In this sense, Martí adds: “If we educate young children in this regard, they will be adolescents and pre-adolescents who will adopt fewer risky behaviors in aquatic environments, they will be very responsible adults with their own safety and that of their children, and they will be elderly who they will know how to act so as not to expose themselves to danger from water more than necessary”. According to data from the National Drowning Report (INA) of the RFESS, 2023 is, in the last five years, the one that has registered the most drownings of people of all ages (267) in Spanish waters.
Lack of aquatic training
All the experts consulted agree on one issue: despite Spain, it is a country that has 7,905 km of coastline, a multitude of rivers, swamps and pools where you can take a bath and more than 1.2 million swimming pools (one for every 37 inhabitants). , the Spanish lack aquatic training. Although there are no official data on the level of swimming in the country, they assure that it is low. “In truth, in Spain we do not have a culture of water. This is being corrected thanks to the training that the younger generations receive in extracurricular classes, but of course, the same is not happening among the elderly. Most bathers believe that they know how to swim, when in reality they only know how to float and are unaware of the risks inherent in the aquatic environment”, Martí develops. This, she says, has a lot to do with the fact that the majority of drowning victims are men in the age bracket 55 and older. “Men over 50 years of age who perceive themselves to have knowledge of swimming, but who are not aware of their limitations,” she specifies.
For this reason, experts insist on the importance of promoting a preventive culture, which must be taught in schools, in order to reduce, generation after generation, the number of drownings in Spain. “Swimming must be taught not only as a way to jump into the water, float and move, but as a relationship between people and the water, to be co-responsible for their own safety, to be aware of the risk that exists. Swimming must be taught as a survival skill”, says Martí. At the moment, swimming and aquatic safety are not considered essential nor are they part of the official content in the physical education curriculum in most educational centers. For the specialist, this “does not make sense.” The subject of swimming and aquatic safety should be compulsory, he believes, and “all schools, private and public, should guarantee it, since its lack of implementation at the national level generates inequalities, since not all families can afford to pay for extracurricular classes” . “We would avoid so many drownings…”, he affirms.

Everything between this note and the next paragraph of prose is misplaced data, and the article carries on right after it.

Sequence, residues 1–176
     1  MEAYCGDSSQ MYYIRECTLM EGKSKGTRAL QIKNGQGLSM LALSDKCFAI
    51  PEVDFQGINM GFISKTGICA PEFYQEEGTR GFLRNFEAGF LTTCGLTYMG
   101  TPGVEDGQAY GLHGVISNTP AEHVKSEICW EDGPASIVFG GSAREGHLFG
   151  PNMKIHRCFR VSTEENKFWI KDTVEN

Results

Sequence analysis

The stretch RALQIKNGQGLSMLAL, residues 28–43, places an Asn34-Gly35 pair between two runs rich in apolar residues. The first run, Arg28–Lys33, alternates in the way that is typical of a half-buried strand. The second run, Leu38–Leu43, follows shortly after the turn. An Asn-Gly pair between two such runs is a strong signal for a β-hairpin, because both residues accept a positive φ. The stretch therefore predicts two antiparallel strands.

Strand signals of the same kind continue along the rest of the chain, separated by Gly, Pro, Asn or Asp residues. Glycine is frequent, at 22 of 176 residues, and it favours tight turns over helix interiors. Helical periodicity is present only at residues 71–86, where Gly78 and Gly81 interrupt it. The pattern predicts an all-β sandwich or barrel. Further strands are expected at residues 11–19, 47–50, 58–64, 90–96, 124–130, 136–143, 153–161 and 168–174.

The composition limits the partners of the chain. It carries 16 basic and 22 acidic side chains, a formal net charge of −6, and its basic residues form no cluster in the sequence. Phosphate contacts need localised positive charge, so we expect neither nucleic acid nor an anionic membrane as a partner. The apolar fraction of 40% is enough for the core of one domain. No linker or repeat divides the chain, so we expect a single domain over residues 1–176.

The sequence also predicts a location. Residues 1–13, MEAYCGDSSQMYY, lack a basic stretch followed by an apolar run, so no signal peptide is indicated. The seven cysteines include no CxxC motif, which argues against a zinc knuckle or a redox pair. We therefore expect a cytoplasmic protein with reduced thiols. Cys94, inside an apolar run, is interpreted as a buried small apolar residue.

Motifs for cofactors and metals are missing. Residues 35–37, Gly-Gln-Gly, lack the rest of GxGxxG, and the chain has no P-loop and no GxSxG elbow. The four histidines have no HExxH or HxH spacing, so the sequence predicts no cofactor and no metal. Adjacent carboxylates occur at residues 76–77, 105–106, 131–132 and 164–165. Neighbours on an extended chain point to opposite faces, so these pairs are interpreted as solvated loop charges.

The president of the Catalan Federation of Rescue and First Aid, Frederic Tortosa, agrees with Martí: “We must do early prevention. As? Acting from schools, making the aquatic education subject compulsory, during which children learn to swim, know the risks before, during and after bathing, and identify and know how to act in an aquatic emergency situation. We have had road, environmental or nutritional education from a very young age, why not the aquatic one?